Points, miles, and snide remarks.


Delta SkyMiles Rollbacks: A Step in the Right Direction, but Is It Enough?

Last month, Delta Airlines made some significant changes to its SkyMiles program that left many frequent flyers less than pleased. The alterations included a shift to fully revenue-based status, imposing steep thresholds for Medallion status, and severe restrictions on SkyClub access. Unsurprisingly, the blowback from Delta’s loyal customer base was swift and severe, with many elites defecting to rival airlines; American reported record cobranded card signups on their earnings call, while requests for United status matches have gone up “dramatically,” presumably driven by disgruntled Delta elites abandoning ship.

CEO Ed Bastian’s Acknowledgment

In the midst of this intense backlash, Delta CEO Ed Bastian, now often not-so-affectionately referred to as “Fast Eddie,” admitted that the airline might have gone too far. He hinted at potential rollbacks to the contentious changes. While these changes didn’t come to light during Delta’s recent investor call, it turns out that my predictions about some adjustments were quite accurate.

Adjustments to Elite Status Requirements

One of the most significant SkyMiles changes was the switch to a fully revenue-based system, with Medallion Qualifying Dollars (MQDs) as the sole qualifying metric. However, Delta has now reduced the initially announced steep thresholds for the 2024 membership year, though they’re still a far cry from what customers were used to:

  • Silver Medallion: Reduced from $6,000 to $5,000 (compared to $3,000 in 2023).
  • Diamond Medallion: Reduced from $35,000 to $28,000 (compared to $20,000 in 2023).

SkyMiles Credit Cardholders Catch a Break

While the MQD earn ratio on co-branded AmEx cards remains unchanged, SkyMiles Platinum and Reserve cardholders (both personal and business variants) will benefit from a $2,500 MQD boost per card. Holding two of these cards is now an efficient way to attain Silver Medallion status immediately, and holding all four would grant Gold Medallion (though the opportunity cost would be significant, taking most of your “slots” with AmEx). Those signing up for new Delta AmEx products should be aware of new “waterfall” restrictions and plan application strategies accordingly.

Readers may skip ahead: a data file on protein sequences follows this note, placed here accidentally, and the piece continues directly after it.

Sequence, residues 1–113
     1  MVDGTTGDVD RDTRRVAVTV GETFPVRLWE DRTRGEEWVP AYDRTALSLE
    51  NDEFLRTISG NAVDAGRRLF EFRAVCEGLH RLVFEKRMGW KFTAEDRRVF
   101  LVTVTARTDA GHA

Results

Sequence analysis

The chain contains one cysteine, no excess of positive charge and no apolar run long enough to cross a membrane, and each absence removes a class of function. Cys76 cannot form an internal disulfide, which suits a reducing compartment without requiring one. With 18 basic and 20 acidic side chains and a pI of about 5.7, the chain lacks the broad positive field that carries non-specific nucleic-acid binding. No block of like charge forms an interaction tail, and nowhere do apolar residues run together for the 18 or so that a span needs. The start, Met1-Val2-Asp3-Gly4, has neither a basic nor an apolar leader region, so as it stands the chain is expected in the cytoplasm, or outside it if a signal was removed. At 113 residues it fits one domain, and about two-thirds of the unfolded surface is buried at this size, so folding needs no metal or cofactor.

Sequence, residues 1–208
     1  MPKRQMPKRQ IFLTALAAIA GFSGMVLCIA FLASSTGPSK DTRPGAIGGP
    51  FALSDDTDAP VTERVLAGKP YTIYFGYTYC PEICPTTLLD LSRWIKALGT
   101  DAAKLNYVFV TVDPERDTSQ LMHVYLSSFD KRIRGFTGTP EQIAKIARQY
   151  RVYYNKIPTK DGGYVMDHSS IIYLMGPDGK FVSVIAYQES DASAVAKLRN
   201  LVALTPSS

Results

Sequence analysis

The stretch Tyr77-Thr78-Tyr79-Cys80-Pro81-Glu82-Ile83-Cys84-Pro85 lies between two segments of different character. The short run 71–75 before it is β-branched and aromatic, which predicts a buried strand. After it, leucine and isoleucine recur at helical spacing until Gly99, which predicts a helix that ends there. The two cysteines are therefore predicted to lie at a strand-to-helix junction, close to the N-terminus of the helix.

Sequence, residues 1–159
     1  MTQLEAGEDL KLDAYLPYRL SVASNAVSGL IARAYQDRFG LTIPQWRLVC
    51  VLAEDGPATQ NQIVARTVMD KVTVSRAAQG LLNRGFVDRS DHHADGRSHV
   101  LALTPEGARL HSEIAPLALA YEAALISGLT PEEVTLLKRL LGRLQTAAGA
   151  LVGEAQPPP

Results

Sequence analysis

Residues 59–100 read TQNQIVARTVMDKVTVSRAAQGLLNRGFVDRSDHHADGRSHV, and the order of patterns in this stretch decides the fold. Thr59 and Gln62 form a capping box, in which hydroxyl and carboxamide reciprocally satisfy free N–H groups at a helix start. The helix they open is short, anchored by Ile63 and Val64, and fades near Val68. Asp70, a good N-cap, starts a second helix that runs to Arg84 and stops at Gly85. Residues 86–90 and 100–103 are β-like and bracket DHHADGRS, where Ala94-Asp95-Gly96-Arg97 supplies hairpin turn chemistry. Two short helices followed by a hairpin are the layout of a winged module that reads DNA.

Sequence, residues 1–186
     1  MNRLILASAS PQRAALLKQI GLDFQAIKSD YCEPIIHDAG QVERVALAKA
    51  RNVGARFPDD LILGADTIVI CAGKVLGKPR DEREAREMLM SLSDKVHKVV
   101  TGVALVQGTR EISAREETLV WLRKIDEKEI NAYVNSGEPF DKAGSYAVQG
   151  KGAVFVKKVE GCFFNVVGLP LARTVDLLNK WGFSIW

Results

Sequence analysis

SkyClub Reprieve for AmEx Cardmembers

SkyClub access for AmEx cardholders will still transition from unlimited access to a capped system, but the caps on visits have been raised slightly:

  • Delta Reserve cardmembers now get 15 visits per year, up from 10.
  • AmEx Platinum members now enjoy 10 visits annually, up from 6.
  • After reaching the visit limit, travelers can purchase additional visits for $50 per day. Previously, this was not an option.
  • A subtle yet significant change is that a subsequent same-day entry to a club no longer uses up a “visit.” Instead, each visit allows unlimited entries for 24 hours after the initial entry, a boon for those on connecting itineraries through multiple airports.

Enhancements to Lifetime Status

To retain lifetime status members, Delta is improving lifetime status-earn and making it a more significant upgrade tie-breaker. The new thresholds for lifetime status now align more closely with United:

  • 1 Million Miles: Lifetime Silver (matching United).
  • 2 Million Miles: Lifetime Gold (matching United).
  • 3 Million Miles: Lifetime Diamond (matching United).
  • 5 Million Miles: Lifetime 360 Status (United offers Global Services at 4 million).
  • Million miler levels will be calculated using flight miles going forward, but they’ll honor existing totals earned via qualifying miles.

Looking Ahead to 2025

For 2025, Delta has announced new Choice benefits, including the ability for Diamonds to pick $2,000 MQDs and for Platinums to choose $1,000 MQDs. This should make earning status a little easier in the absence of other benefits. Additionally, Diamonds can again select Sky Club membership for two choice selections.

Assessing my Predictions

Many of my predictions about the SkyMiles rollbacks were quite close, with MQD thresholds dropping between 16.67% and 20% (I predicted between 20-30%) and visit allowances increasing by 50% and 66.67% (my prediction was 40-60%). As predicted, the $75,000 spend threshold for unlimited visits remains intact. While I partially got it wrong about the MQD earn ratio on cobranded AmEx cards being upped, cardholders of select cobranded products are getting a flat boost of 2,500 MQDs annually.

Delta’s Uphill Battle

Despite these rollbacks, Delta still faces an uphill battle to win back the trust of its elite customers. CEO Ed Bastian even hinted when the initial changes were announced that more could be on the horizon. Many have already jumped ship to competitors American and United. As the future remains uncertain, loyalists to the airline will continue to closely watch the evolving landscape of Delta’s SkyMiles program.